Iraqis Worked With al Qaeda
We’ve apparently dug up new evidence confirming what we’ve known for years: That there was active cooperation between Saddam and al Qaeda during the 1990s while the terrorist group was training in Sudan.
Contacts between Iraqi intelligence agents and Osama bin Laden when he was in Sudan in the mid-1990’s were part of a broad effort by Baghdad to work with organizations opposing the Saudi ruling family, according to a newly disclosed document obtained by the Americans in Iraq.
American officials described the document as an internal report by the Iraqi intelligence service detailing efforts to seek cooperation with several Saudi opposition groups, including Mr. bin Laden’s organization, before Al Qaeda had become a full-fledged terrorist organization. He was based in Sudan from 1992 to 1996, when that country forced him to leave and he took refuge in Afghanistan.
The document states that Iraq agreed to rebroadcast anti-Saudi propaganda, and that a request from Mr. bin Laden to begin joint operations against foreign forces in Saudi Arabia went unanswered. There is no further indication of collaboration.
Last week, the independent commission investigating the Sept. 11 attacks addressed the known contacts between Iraq and Al Qaeda, which have been cited by the White House as evidence of a close relationship between the two.
The commission concluded that the contacts had not demonstrated “a collaborative relationship” between Iraq and Al Qaeda. The Bush administration responded that there was considerable evidence of ties.
The new document, which appears to have circulated only since April, was provided to The New York Times several weeks ago, before the commission’s report was released. Since obtaining the document, The Times has interviewed several military, intelligence and United States government officials in Washington and Baghdad to determine that the government considered it authentic.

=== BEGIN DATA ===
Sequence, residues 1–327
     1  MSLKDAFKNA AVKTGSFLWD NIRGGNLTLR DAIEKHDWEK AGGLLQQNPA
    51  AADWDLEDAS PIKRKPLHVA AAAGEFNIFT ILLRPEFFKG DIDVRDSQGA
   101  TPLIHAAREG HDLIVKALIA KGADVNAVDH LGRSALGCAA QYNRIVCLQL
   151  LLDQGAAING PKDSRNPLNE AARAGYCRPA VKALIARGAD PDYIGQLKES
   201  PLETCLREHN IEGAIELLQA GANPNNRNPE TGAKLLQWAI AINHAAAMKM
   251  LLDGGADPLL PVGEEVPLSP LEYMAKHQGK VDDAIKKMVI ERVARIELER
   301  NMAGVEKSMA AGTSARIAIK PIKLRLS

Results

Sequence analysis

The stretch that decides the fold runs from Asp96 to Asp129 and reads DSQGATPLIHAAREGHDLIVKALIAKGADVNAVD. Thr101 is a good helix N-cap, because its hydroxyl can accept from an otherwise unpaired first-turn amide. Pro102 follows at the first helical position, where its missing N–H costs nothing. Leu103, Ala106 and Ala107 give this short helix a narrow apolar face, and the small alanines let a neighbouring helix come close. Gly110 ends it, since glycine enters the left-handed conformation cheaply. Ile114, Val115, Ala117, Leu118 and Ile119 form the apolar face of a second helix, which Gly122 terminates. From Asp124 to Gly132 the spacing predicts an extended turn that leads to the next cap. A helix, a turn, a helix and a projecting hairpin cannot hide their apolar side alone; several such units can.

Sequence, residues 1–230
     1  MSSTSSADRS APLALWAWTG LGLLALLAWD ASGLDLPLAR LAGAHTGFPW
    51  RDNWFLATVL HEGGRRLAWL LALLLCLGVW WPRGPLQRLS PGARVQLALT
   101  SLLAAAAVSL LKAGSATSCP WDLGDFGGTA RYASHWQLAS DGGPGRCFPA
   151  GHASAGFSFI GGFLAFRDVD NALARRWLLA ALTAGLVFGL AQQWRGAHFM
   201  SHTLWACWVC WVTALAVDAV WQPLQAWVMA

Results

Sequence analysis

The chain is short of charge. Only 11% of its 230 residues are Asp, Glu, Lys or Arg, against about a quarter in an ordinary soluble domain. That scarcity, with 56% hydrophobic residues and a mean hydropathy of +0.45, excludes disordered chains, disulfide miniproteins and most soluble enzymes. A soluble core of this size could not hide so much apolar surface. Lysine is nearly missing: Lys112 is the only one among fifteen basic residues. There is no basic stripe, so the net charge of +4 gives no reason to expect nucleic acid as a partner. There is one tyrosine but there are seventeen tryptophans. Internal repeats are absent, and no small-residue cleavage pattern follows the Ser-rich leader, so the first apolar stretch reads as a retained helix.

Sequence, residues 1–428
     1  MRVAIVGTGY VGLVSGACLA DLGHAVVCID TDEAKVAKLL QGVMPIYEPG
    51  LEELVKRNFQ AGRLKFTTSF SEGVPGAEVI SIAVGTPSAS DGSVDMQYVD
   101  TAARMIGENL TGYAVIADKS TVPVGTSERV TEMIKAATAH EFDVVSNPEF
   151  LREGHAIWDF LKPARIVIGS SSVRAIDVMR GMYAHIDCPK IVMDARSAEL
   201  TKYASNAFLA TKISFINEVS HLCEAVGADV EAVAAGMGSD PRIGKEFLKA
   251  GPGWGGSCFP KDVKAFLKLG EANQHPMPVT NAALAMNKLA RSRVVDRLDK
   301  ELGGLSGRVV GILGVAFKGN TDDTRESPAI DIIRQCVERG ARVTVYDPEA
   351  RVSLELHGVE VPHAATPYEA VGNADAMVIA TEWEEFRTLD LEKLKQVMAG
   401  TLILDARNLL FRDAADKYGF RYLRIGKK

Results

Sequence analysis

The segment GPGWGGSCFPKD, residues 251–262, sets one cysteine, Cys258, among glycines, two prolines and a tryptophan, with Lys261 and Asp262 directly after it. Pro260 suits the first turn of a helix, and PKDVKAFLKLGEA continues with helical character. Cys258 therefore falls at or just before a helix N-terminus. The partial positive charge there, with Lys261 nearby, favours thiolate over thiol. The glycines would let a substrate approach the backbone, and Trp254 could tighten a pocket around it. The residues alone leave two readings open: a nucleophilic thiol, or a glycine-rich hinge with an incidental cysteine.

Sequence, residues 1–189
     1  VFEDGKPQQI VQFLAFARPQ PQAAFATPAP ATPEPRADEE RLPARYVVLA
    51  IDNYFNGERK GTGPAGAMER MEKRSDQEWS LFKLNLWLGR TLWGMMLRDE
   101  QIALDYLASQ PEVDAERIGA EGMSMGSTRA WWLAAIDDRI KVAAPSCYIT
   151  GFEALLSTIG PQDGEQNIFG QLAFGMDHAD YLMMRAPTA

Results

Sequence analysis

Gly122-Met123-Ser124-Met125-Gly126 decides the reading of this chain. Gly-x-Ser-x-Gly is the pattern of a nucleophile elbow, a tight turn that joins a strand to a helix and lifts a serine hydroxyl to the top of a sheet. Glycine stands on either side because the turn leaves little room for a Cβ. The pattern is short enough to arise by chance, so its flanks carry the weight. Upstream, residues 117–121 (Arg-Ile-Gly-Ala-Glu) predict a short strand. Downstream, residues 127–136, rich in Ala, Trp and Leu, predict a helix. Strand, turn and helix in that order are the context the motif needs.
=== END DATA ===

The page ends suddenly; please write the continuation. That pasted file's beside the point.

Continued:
The Americans confirmed that they had obtained the document from the Iraqi National Congress, as part of a trove that the group gathered after the fall of Saddam Hussein’s government last year. The Defense Intelligence Agency paid the Iraqi National Congress for documents and other information until recently, when the group and its leader, Ahmad Chalabi, fell out of favor in Washington.
Some of the intelligence provided by the group is now wholly discredited, although officials have called some of the documents it helped to obtain useful.
This connection was widely acknowledged during the Clinton Administration and was part of the rationale for calling for regime change in the late 1990s. Indeed, even “Anonymous,” the critic of the Bush terrorism policy whose forthcoming Imperial Hubris has been widely anticipated by the Left, details this tie in his first book, Through Our Enemies’ Eyes. Not only did the Iraqis participate in military training, but there was active cooperation in the effort to obtain CBRN (chemical, biological, radiological, nuclear) capability.
Bin Laden’s first moves in this direction were made in cooperation with NIF [National Islamic Front, formerly the Muslim Brotherhood -ed.] leaders, Iraq’s intelligence service, and Iraqi CBRN scientists and technicians. He made contact with Baghdad through its intelligence officers in Sudan, and by a Turabi-brokered June 1994 visit by Iraq’s then-intelligence chief Faruq al-Hijazi; according to Milan’s Corrier della Sera, Saddam, in 1994, made Hijazi responsible for “nurturing Iraq’s ties to [Islamic] fundamentalist warriors.” *** Turabi’s scheme for an overall strategy was not achieved, but there is information shiowing that in the 1993-1994 period bin Laden began work with Sudan and Iraq to acquire a CBRN capability for al Qaeda.
A Sudanese military engineer named Colonel Abd-al-Basit Hamza. . . reportedly manages “a group of companies. . .run by the NIF in cooperation with Iraq and bin Laden. The operation of this program is led by Iraqi scientists and technicians, led by Dr. Khalil Ibrahim Mubaruhah, and by Asian and foreign experts.” The New Republic quotes a Sudanese military defector as saying that “up to 60 Iraqi military experts rotate through Sudan every six months, and that some of these experts are involved in some kind of munitions development” at the MIC [Military Industrial Corporation -ed.]. In addition, Sudanese oppositionists–not the most unbiased sources–claim Iraq’s technicians are helping Sudan build chemical weapons at MIC facilities in Khartoum and , in return, Iraqi chemical weapons have been hidden by Sudan at the Yarmuk Military Manufacturing Complex in Sheggara, south of Khartoum.
–Anonymous, Through Our Enemies’ Eyes (Washington: Brassey’s, Inc, 2002), pp. 124-125.
As is made clear elsewhere in the book, the relationship between MIC and al Qaeda during this period was symbiotic. Most of the sources date to the late 1990s.
For more analysis, see Dean Esmay, Steven Taylor, Rob Tagorda, Ed Morrissey, Tom McGuire, Glenn Reynolds, Cori Dauber, and Betsy Newmark. A major theme seems to be emerging: Why did the NYT so aggressively cover the infamous 9-11 Commission staff report, emphasizing “No Ties,” when it was working this story all along?
Other OTB posts relating to Anonymous and his books:
- Imperial Hubris
- Imperial Hubris II
- Imperial Hubris III
- Imperial Hubris IV
- Imperial Hubris Author ‘Anonymous’ No More